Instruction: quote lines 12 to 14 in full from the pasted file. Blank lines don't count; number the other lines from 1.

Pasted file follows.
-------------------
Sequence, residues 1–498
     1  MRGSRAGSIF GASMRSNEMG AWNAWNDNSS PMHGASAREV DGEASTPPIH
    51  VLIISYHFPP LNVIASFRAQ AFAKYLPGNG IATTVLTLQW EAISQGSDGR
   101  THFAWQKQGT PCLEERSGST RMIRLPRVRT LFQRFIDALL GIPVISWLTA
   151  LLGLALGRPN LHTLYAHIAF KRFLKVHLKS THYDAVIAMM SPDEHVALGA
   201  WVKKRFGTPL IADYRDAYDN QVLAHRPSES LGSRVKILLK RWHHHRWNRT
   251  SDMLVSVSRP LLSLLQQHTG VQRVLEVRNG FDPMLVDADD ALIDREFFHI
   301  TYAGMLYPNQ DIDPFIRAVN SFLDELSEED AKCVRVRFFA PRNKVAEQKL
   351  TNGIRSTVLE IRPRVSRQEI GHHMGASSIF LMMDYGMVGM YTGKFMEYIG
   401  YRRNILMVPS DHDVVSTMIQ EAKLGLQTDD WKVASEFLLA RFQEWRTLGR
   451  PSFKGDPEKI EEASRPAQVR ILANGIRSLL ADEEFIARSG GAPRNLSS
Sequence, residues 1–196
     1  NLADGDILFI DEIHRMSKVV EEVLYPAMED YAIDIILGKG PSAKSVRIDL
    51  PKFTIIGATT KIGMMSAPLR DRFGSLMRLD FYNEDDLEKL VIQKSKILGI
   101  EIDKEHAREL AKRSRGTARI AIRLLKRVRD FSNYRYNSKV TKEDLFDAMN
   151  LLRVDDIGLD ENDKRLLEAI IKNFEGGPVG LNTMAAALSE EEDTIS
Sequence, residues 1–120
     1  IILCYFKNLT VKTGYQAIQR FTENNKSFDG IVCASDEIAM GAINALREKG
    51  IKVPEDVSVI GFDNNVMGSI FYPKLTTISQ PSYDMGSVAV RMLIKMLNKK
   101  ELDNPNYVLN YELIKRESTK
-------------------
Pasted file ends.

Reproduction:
Sequence, residues 1–196
     1  NLADGDILFI DEIHRMSKVV EEVLYPAMED YAIDIILGKG PSAKSVRIDL
    51  PKFTIIGATT KIGMMSAPLR DRFGSLMRLD FYNEDDLEKL VIQKSKILGI